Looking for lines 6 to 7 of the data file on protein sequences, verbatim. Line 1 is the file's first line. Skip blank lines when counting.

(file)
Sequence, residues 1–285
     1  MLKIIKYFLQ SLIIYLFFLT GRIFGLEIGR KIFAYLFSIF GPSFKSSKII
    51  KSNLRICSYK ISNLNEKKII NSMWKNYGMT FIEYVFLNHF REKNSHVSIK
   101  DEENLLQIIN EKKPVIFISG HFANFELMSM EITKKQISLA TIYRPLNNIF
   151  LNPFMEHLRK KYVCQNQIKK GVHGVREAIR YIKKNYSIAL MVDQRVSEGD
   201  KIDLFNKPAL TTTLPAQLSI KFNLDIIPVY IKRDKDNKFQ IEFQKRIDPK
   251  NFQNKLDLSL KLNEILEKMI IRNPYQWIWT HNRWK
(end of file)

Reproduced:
   201  KIDLFNKPAL TTTLPAQLSI KFNLDIIPVY IKRDKDNKFQ IEFQKRIDPK
   251  NFQNKLDLSL KLNEILEKMI IRNPYQWIWT HNRWK